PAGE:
It would have been a dream job for Bethany Paquette – adventure guiding in remote regions in Canada, and perhaps overseas.
But it was not to be. Bethany is a Trinity Western University (TWU) science grad, who has worked the past two summers for Hyak River Rafting, a Vancouver organization operating on many British Columbia white water rivers.
It appears she was educated at a university that the principals of Amaruk Wilderness Corp. could not tolerate.
The email Bethany received from Olaf Amundsen rejected her application out of hand, suggesting that, despite her experience with Hyak, she was not qualified. But it was the unsolicited broadside accompanying the rejection that Bethany found to be “pretty hurtful.”
It led her, in fact, to file a complaint with the BC Human Rights Tribunal, in order to “put a stop to Amaruk discriminating against Christians and Trinity grads.”
- “Unlike Trinity Western University, we embrace diversity and the right of people to sleep with or marry whoever they want.” (Bethany’s response: “My beliefs have developed who I am as an individual, but they don’t come into play when I am doing my job.”)
- “The Norse background of most of the guys at the management level means that we are not a Christian organization, and most of us actually see Christianity as having destroyed our culture, tradition and way of life.” (Ironically, the Christian denomination that founded TWU – the Evangelical Free Church – has deep roots in Norwegian and Swedish culture. Bethany wrote to Amundsen that the Norse people chose Christianity.)
- “In asking students to refrain from same-sex relationships, Trinity Western University, and any person associated with it, has engaged in discrimination.”
The Trinity grad allowed that she had signed her email with “God bless” because “I knew it would irritate them.”
Seemingly it did. Amundsen replied: “[I am] a Viking with a PhD in Norse culture. No propaganda is lost on me. . . . ‘God bless’ is very offensive to me and yet another sign of your attempts to impose your religious views on me. I do not want to be blessed by some guy . . . who has been the very reason for the most horrendous abuses and human rights violations in the history of the human race.”
Then, using an expletive, he suggested that if he, himself, met God, he would have sex with him. It was that comment which triggered Bethany to take her case to the British Columbia Human Rights Tribunal.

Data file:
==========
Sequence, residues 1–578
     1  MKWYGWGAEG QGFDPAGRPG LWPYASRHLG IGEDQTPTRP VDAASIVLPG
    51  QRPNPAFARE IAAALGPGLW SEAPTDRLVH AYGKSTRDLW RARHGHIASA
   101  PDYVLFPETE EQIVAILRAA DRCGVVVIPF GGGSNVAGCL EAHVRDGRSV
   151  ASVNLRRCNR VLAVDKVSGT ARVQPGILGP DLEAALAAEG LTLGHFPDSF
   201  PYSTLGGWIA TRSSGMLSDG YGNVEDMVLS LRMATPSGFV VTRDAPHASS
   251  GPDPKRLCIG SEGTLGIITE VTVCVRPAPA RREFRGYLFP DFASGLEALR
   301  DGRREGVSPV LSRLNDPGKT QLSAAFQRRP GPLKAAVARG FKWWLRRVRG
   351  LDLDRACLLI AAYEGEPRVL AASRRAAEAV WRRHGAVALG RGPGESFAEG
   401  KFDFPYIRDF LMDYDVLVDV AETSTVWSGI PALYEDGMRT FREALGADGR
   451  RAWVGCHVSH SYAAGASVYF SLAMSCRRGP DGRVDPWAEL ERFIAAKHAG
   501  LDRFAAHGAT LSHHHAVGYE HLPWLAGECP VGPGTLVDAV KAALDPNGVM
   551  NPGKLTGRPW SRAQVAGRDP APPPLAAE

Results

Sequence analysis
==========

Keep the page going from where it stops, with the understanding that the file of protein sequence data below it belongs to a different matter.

Amundsen’s email was followed by one from Fragassi-Bjornsen. Among his quotes:
- “Trinity Western University believes that two men loving each other is wrong . . . we believe a man ending up with another man is probably the best thing that could happen to him.
- “But we do not force these views onto other people, and we are completely fine if a guy decided to go the emasculation route by marrying a BC woman.”
Bethany, for her part, says: “They had never even met me and never talked to me in person and they just assumed all these things . . . and found it okay to attack me.”
Geoffrey Trotter says, “You are not allowed, in British Columbia, to refuse to hire someone because you associate them with other people, from centuries ago, who you think did something they should not have done.”
Bethany, herself a Christian, had no difficulty signing TWU’s community covenant, which, among other things, asks students to commit to refraining from sex outside traditional marriage. She grew up in Kamloops, with one parent who was Christian and the other not. She was attracted to Trinity Western because “it was the one school that caught my interest in returning to school. It was a cool place.”
Guy Saffold, special assistant to TWU president Bob Kuhn, approached for comment by CBC News, noted: “Canadians shouldn’t be treated this way by a foreign company. Mocking of their religion – there is a personal shaming element to it that was most unfortunate.”
But Amundsen said Bethany’s job application was rejected “solely based on the fact that she did not meet the minimum requirements of the position. Any further discussion after that, including the fact that we strongly disagree with the position that gay people should not be allowed to marry or even engage in sexual relationships, would have been a mere expression of opinion.”
Micheal Vonn, policy director for the BC Civil Liberties Association (BCCLA), told CBC News that employers should not express opinions about an applicant’s religious background: “You are allowed to think anything you like. But you have obligations as an employer to act in a non-discriminatory manner.”
With respect to what the Human Rights Tribunal might do with the complaint, Vonn noted: “What you have is written documentation that more or less is tantamount to a sign on the door that says no one of religious affiliation need apply for employment here. We don’t usually see discrimination cases that are quite this stark.”
While not taking a position on Trinity Western’s community covenant, the BCCLA has consistently sided with the right of the university to take the stances it does. That has been the case both in the current controversy over some law societies’ opposition to TWU’s plans for a law school, and when the university went through a similar process 14 years ago. At that time, TWU won at the Supreme Court of Canada, against the BC College of Teachers’ contention that the school’s community covenant required that its teacher education program be supervised by Simon Fraser University (a public and ‘secular’ institution).
For his part, Geoffrey Trotter wants the tribunal to send “a really strong message” that “it is not acceptable to discriminate based on what somebody believes or where they went to school – that it is not ‘open season’ on Christians in Canada.”